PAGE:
Desert Isle Keeper
Utopia Avenue is one part Backbeat, two more of the bracing whimsical wit of A Hard Day’s Night, several parts Head-like support of social upheaval and psychedelics, with maybe a skosh of That Thing You Do! thrown in. The rest is the story – detailing the struggles and joys of the titular psych-rock band that David Mitchell’s latest novel concerns itself with – is entirely itself, kitchen-sink real and fanciful in alternating measures.
The members of Utopia Avenue could not be more different from one another. It’s 1966 and the book’s main narrator, Dean Moss, is a sleep-around bassist obsessed with the blues whose day gig at a coffee shop leads to him meeting Levon Frankland, a man looking to put together a band. It’s Levon who brings together Dean and sad-souled Elf Holloway, a refugee of the folk circuit and a keyboard player and lead singer dealing both with period-typical sexism and a break-up with her ex-bandmate-and-romantic-partner. She soon becomes Utopia Avenue’s leader and steers its musical direction. They’re joined by guitar wiz Jasper de Zoet (descendent of the hero of a previous Mitchell novel, The Thousand Autumns of Jacob de Zoet), who struggles with schizophrenia and suicidal ideation which he hides from the band (his mental illness is portrayed in a harrowingly realistic way), and Griff Griffin, the jocular, confident drummer.
Together, the band struggles its way through creating several albums and several hits, one of which propels them to international stardom. But soon the band pulls itself apart thanks to unjust drug charges and further personal tragedy. In the end, who will be left standing?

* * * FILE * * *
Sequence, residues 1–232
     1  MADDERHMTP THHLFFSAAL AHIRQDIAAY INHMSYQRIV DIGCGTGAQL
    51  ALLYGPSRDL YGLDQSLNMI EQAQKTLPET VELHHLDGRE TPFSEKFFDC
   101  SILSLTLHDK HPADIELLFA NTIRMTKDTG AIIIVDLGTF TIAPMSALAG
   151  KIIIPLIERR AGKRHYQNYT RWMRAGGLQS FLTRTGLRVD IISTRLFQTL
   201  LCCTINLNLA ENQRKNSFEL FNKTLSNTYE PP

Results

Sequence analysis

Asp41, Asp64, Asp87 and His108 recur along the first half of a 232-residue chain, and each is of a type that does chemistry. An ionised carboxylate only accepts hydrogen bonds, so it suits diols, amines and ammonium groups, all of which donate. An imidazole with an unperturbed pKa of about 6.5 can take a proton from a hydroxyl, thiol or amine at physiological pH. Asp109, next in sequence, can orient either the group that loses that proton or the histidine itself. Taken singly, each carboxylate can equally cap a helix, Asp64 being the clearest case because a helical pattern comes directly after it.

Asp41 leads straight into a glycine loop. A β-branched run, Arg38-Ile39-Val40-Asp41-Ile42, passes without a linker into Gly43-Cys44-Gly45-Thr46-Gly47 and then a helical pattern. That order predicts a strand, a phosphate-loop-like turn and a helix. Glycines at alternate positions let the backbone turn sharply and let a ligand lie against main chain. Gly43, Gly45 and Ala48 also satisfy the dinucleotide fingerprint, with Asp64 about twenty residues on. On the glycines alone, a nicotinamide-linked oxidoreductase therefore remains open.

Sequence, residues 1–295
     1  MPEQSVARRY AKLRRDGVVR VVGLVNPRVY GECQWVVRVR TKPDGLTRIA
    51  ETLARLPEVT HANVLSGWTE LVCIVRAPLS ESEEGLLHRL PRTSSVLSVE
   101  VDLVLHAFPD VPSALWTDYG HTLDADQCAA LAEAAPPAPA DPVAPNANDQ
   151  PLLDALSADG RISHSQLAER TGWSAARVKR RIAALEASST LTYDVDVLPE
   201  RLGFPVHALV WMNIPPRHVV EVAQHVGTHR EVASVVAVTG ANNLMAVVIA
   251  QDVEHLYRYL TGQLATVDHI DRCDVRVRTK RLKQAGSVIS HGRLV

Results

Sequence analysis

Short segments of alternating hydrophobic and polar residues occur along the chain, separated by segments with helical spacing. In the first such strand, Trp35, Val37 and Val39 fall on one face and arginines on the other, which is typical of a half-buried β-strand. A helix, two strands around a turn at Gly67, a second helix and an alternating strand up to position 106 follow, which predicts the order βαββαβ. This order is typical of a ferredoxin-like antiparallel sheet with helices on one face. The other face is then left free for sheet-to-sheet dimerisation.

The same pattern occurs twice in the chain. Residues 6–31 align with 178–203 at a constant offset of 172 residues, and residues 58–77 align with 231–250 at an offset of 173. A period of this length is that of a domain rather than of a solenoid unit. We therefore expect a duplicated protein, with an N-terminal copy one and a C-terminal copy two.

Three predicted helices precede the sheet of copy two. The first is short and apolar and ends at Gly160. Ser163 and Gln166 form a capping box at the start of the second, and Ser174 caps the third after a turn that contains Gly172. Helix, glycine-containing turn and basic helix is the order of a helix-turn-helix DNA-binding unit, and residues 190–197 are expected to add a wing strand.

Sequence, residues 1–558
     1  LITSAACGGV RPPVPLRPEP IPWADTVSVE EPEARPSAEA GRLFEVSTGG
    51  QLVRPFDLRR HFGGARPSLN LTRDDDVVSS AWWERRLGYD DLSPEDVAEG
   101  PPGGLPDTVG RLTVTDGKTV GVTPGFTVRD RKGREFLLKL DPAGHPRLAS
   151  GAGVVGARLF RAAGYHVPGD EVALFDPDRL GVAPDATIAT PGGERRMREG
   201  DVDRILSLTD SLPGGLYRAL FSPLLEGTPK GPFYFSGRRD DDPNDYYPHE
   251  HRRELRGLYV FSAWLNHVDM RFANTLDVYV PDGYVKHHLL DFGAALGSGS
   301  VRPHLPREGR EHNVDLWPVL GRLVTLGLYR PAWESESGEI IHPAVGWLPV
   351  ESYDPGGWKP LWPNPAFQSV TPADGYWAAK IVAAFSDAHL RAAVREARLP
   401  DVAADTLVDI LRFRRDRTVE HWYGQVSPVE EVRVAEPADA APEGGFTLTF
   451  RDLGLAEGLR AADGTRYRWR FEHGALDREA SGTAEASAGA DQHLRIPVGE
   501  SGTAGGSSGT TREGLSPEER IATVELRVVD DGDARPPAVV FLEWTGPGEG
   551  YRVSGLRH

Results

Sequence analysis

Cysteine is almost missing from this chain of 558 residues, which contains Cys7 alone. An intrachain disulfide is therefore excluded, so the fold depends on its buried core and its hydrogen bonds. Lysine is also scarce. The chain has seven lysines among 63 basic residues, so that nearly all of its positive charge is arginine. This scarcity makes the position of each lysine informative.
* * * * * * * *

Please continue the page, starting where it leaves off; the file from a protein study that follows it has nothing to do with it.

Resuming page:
The best and worst parts of Utopia Avenue can be explained by simply gesturing to Mitchell’s previous books and saying ‘well’. If you don’t like his long-at-the-pen, cheeky, mind-bending and yet out-there musings, you won’t enjoy this book. But I found the entire package pretty enchanting, a good portrait of the sixties rock scene as viewed by a group of struggling working-class musicians who make it modestly big.
All of the characters are likable. Elf was the center of the book for me, but Dean was also incredibly amusing, if a little bit selfish. Griff was the only character who felt underwritten, and indeed ended up in the background for most of the novel’s long (quite long – the book approaches 600 pages, and I wasn’t kidding about Mitchell’s longherrea) journey. Jasper’s chapters felt as if I’d been let into Keith Moon’s mind and asked to sit a spell. Together, they clash and fall in love and make messy connections. They’re endearing, in a not-quite-Jefferson-Airplane way
There’s a lot of wonderfully well-detailed technique work here; Mitchell takes you into the songwriting process and helps you to understand what it takes to make beautiful music.
The end of the book sort of falls apart as we’re treated to a few pages of an acid trip gone very wrong, but that doesn’t really detract from the grade. Utopia Avenue’s endearing characters and wonderful storyline will be transportive and hopefully transformative for the reader.